June 30, 2011 / 7:47 PM / 8 years ago

Wayans brothers face trial for alleged joke theft

NEW YORK (Hollywood Reporter) - Trial alert! On July 12th, the best comedy in Los Angeles will not be heard at the Improv, but rather a federal court as the Wayans brothers face down a former assistant who charges that they ripped off jokes for their book, “You Know You’re a Golddigger When...”

Actors and brothers (L-R) Keenan Ivory Wayans, Marlon Wayans and Shawn Wayans arrive for the 2006 BET Awards at the Shrine Auditorium in Los Angeles June 27, 2006. REUTERS/Fred Prouser

Jared Edwards worked for the comedy family for a decade and wrote jokes about women who prey upon wealthy men. He claims he pitched the idea for a book that would include material like “You know you’re a golddigger when you know more about sports players’ stats than an ESPN analyst.”

Keenen, Shawn and Marlon Wayans rejected the idea, and then allegedly did their own version.

Joke theft allegations have been around almost as long as the first “Knock, Knock” joke, but recently, comedians have become more sensitive to laugh larceny, raising the copyright infringement card.

Because Edwards worked for the Wayans brothers, this case goes a bit above and beyond the typical plagiarism routine of a plaintiff struggling to prove the copying of expression rather than theft of unprotected ideas. Edwards is claiming that the Wayans (and St. Martin’s Press) not only committed copyright infringement but also breached an implied promise to pay him for use of his ideas. Writers alleging this type of allegation have increasingly been successful in passing judicial muster.

To sum up the defense, you know you’re a golddigging joke-theft plaintiff when:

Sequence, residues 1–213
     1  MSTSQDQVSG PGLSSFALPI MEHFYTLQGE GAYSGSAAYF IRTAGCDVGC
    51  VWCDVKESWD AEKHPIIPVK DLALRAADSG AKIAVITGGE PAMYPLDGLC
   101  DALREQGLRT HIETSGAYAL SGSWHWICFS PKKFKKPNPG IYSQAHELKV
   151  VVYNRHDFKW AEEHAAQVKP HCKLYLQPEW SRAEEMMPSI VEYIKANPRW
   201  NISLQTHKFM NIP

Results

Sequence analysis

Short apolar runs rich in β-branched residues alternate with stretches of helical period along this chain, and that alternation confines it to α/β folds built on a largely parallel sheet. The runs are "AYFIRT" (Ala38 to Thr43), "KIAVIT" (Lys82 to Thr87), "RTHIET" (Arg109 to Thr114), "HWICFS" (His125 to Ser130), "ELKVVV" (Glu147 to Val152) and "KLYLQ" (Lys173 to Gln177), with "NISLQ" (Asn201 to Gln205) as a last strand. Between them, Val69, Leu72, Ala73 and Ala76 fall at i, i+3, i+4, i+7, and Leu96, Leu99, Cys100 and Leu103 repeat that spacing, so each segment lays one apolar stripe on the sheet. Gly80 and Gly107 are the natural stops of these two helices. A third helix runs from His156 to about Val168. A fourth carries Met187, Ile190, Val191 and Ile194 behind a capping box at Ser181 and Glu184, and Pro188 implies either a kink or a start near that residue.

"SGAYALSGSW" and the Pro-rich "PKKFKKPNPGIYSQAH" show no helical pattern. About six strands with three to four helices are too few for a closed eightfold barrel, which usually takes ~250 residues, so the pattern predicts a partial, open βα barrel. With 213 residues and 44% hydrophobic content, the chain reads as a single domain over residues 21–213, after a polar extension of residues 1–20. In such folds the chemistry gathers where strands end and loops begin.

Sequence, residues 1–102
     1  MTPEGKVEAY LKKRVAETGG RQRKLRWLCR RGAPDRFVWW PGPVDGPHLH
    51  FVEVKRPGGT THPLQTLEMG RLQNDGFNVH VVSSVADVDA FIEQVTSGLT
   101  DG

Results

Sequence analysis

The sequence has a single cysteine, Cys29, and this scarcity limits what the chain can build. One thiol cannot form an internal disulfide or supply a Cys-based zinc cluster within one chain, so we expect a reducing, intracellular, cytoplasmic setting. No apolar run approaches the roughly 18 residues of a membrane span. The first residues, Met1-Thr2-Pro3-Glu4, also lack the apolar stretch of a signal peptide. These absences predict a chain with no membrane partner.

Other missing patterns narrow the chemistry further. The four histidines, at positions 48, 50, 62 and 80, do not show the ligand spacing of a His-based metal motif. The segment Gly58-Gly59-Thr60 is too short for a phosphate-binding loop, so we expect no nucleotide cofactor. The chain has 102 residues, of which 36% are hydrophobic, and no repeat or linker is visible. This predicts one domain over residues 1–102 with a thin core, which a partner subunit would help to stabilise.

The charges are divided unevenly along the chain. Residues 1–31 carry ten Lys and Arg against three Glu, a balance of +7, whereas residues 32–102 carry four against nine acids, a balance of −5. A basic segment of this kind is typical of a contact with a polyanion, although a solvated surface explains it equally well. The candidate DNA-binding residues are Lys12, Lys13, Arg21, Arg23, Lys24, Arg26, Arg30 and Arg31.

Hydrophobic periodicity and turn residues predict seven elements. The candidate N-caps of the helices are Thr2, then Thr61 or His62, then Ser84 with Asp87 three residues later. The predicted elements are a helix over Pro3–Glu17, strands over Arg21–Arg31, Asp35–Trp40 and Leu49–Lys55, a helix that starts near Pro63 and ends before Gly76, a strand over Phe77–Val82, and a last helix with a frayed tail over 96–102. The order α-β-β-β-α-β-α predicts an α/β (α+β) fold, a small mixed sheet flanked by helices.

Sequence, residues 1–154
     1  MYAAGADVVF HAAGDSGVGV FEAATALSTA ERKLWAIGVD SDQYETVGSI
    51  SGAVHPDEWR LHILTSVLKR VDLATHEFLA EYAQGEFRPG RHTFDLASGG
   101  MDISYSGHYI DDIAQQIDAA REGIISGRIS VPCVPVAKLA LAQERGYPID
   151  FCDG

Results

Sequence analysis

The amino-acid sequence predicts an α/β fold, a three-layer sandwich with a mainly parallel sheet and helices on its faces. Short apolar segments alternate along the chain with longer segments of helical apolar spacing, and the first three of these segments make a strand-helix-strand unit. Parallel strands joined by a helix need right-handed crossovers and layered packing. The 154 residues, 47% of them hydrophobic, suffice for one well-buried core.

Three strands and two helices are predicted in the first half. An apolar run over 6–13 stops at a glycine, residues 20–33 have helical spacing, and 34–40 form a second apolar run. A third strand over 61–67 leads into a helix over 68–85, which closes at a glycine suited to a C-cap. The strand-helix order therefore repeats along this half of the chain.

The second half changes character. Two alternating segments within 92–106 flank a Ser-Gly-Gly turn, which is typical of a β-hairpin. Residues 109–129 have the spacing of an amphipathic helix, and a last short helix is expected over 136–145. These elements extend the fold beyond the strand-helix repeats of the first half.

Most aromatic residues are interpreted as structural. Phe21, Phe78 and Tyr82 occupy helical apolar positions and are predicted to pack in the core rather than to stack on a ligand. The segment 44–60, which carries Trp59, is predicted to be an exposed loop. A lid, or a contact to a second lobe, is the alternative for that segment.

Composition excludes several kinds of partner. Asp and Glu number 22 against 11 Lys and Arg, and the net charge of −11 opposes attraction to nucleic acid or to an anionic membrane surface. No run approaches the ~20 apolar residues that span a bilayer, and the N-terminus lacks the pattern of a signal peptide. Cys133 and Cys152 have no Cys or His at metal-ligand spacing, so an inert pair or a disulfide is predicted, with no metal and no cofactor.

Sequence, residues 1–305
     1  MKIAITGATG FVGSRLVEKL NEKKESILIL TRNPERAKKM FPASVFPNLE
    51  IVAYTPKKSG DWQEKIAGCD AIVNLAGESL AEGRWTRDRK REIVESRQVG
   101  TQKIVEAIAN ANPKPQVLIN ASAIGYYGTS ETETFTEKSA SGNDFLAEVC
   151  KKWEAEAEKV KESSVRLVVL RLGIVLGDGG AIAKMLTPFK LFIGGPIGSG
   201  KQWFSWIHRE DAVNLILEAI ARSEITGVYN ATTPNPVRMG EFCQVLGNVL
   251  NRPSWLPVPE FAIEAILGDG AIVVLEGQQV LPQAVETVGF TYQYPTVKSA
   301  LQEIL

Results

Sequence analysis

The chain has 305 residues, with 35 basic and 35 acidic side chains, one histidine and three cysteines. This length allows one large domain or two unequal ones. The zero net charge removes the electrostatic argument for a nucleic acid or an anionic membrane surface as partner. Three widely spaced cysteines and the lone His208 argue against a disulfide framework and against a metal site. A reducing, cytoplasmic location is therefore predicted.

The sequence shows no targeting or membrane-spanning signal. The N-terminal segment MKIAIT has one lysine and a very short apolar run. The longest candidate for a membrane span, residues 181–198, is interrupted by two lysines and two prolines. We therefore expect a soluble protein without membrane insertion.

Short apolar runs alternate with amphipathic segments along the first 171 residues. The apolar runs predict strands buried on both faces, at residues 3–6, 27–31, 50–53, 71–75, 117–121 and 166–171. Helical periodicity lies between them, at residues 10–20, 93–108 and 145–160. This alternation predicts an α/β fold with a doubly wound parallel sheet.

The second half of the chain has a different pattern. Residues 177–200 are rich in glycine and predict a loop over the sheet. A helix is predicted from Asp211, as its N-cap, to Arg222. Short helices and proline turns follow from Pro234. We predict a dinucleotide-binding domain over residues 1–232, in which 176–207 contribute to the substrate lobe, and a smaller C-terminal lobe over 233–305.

* You can’t be the owner of a valid copyright on jokes when the material is a work-made-for-hire.

* You can’t own undivided rights on the jokes when, at most, the material was jointly authored.

* You consented to having the jokes performed by the famous Wayans clan.

* You didn’t complain in time, and thus the statute of limitations has run out.

The trial is sure to provide some laughter and entertainment, but might not have the full shock value possible. That’s because the parties have stipulated that certain alleged “bad acts” won’t be brought up, including allegations that Edwards committed check fraud and borrowed $12,000 from Shawn, that Edwards engaged in sexual acts in Shawn’s vehicle, and that Edwards threw a phone at Marlon.

Still, the trial won’t be devoid of highjinks. There’s been a suggestion made in court papers that the attorney for the Wayans brothers will attempt to impeach Edwards for things he said during the deposition.

Finally, even if the Wayans brothers lose, they might not have to fork over a significant amount of money. The book was hardly a best-seller, and so the judge has capped a damage award to the amount of money the Wayans got as an advance for writing the book, foreclosing any of the publisher’s profits.

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